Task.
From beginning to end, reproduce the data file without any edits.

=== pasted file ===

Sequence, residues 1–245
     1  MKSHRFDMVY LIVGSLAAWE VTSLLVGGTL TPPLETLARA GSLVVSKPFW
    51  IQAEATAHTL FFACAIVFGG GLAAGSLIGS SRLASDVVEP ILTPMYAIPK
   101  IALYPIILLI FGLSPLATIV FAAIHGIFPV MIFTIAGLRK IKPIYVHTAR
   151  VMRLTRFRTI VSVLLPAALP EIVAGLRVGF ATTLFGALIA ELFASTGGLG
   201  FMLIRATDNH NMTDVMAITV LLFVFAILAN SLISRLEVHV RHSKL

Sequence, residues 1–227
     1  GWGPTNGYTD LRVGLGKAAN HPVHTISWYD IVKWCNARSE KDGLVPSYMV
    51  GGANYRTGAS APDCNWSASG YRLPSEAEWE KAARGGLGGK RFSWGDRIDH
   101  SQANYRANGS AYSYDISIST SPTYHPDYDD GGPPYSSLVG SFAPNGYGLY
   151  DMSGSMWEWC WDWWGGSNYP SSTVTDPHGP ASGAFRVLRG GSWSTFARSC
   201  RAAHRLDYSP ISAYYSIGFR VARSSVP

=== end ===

Sequence, residues 1–245
     1  MKSHRFDMVY LIVGSLAAWE VTSLLVGGTL TPPLETLARA GSLVVSKPFW
    51  IQAEATAHTL FFACAIVFGG GLAAGSLIGS SRLASDVVEP ILTPMYAIPK
   101  IALYPIILLI FGLSPLATIV FAAIHGIFPV MIFTIAGLRK IKPIYVHTAR
   151  VMRLTRFRTI VSVLLPAALP EIVAGLRVGF ATTLFGALIA ELFASTGGLG
   201  FMLIRATDNH NMTDVMAITV LLFVFAILAN SLISRLEVHV RHSKL

Sequence, residues 1–227
     1  GWGPTNGYTD LRVGLGKAAN HPVHTISWYD IVKWCNARSE KDGLVPSYMV
    51  GGANYRTGAS APDCNWSASG YRLPSEAEWE KAARGGLGGK RFSWGDRIDH
   101  SQANYRANGS AYSYDISIST SPTYHPDYDD GGPPYSSLVG SFAPNGYGLY
   151  DMSGSMWEWC WDWWGGSNYP SSTVTDPHGP ASGAFRVLRG GSWSTFARSC
   201  RAAHRLDYSP ISAYYSIGFR VARSSVP